10 Weeks Pregnant - Pregnancy Week 10
Growth has reached a crucial point by week 10 — movement. The movements are very small, but they are quite important for baby. With joints fully developed, baby needs to move to ensure everything is working properly. From now until the end of the 40 weeks gestation, baby will rarely be completely still. Feet, toes and fingers are also fully developed. Baby is more than one inch long. In some cases, a fetal monitor can be used in the 10th week to hear the heart beat.
Thank goodness for pregnancy progression and the ability of the human body to adapt – morning sickness should be easing off or disappearing by week 10. But, with the lapse of one symptom comes another.
Blood volume has been steadily increasing to the point of mom carrying 40 to 50% more blood. This blood is pumped through existing veins. Veins near the surface may become more pronounced and visible. This is especially true in the legs and breasts. Some women find dark veins unsightly, but there is nothing that can be done about this change. The blood flow is necessary for healthy fetal growth, so think of the veins as a lifeline for baby.
The pregnant woman should also be noticing some pregnancy weight gain. Typically, mom will gain about 25 pounds during a singlet pregnancy. For multiples, that number will be higher. It is important to maintain a healthy diet and eat often to keep weight gain slow and steady.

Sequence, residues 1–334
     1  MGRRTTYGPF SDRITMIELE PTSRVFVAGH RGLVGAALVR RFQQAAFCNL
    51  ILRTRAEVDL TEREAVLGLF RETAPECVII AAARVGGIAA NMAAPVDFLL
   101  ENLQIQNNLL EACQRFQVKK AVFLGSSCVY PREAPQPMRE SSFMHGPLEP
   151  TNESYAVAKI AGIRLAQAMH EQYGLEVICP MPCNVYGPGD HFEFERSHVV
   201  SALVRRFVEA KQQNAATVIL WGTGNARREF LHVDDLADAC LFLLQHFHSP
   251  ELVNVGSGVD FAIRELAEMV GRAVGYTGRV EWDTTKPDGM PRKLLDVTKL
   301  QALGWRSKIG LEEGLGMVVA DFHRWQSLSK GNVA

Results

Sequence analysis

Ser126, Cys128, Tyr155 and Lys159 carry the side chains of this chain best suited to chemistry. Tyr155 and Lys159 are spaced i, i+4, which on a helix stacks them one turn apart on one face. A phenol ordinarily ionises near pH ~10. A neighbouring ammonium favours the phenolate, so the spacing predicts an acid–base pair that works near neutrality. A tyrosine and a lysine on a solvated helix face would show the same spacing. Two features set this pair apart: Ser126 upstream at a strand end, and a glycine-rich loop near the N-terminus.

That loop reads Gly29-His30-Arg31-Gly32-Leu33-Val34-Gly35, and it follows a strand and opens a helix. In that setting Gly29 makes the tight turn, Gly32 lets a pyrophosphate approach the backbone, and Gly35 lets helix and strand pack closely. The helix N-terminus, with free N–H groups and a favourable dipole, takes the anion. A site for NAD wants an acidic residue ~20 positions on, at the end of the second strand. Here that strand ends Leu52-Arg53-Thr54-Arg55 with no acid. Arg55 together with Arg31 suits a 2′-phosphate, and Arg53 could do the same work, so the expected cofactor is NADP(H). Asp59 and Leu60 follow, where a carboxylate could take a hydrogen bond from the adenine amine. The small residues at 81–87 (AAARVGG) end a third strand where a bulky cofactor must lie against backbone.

Dad may find it confusing that he is experiencing the same mood swings as mom. It is not uncommon for dads to be thrilled about being a father one minute and full of fear the next. Being a dad is hard. She may start gaining weight at this point in the pregnancy, but she may not be happy about it so compliment her on how beautiful she is and talk to baby through her tummy often.
Weight gain will differ depending on starting weight before pregnancy. If you were underweight, you may gain as much as 40 pounds with a singleton pregnancy. Having twins increases that amount to 50 pounds or more. Moms who started gestation at a normal weight will gain about 25 to 35 pounds with a singlet and 35 to 45 pounds with twins. Overweight mothers-to-be will need to gain far less at only 15 to 25 pounds with a singlet and 25 to 35 pounds with twins. No two moms are the same, so eat healthy and exercise gently.
The second prenatal visit occurs between the 10th and 13th week. If the pregnancy is progressing perfectly, the obstetrician may wish to wait a bit longer. You also should discuss with your doctor the "first trimester screening test" which is an ultrasound also known as the nuchal screen. The test is done between 11w3d and 13 weeks and consists of a sonogram measurement of the fetus' nuchal fold and a blood test. These are done to calculate the risk of having a fetus with a chromosomal anomaly like Trisomy 21 (Down syndrome), Trisomy 18 (Edward Syndrome), and Trisomy 13 (Patau Syndrome).
A new screening test called the cell-free fetal DNA test can also now be done at 10 weeks of pregnancy. The cell free DNA test is a screening test, not a diagnostic test, meaning it provides risks for certain conditions but does not make the definite diagnosis. The test determines the chance that the fetus has Down syndrome, Edward syndrome or Patau syndrome based on the relative amount of free fetal DNA from chromosomes 21, 18 and 13. Usually additional tests are required like a chorionic villi sampling or CVS or an amniocentesis to determine the actual diagnosis.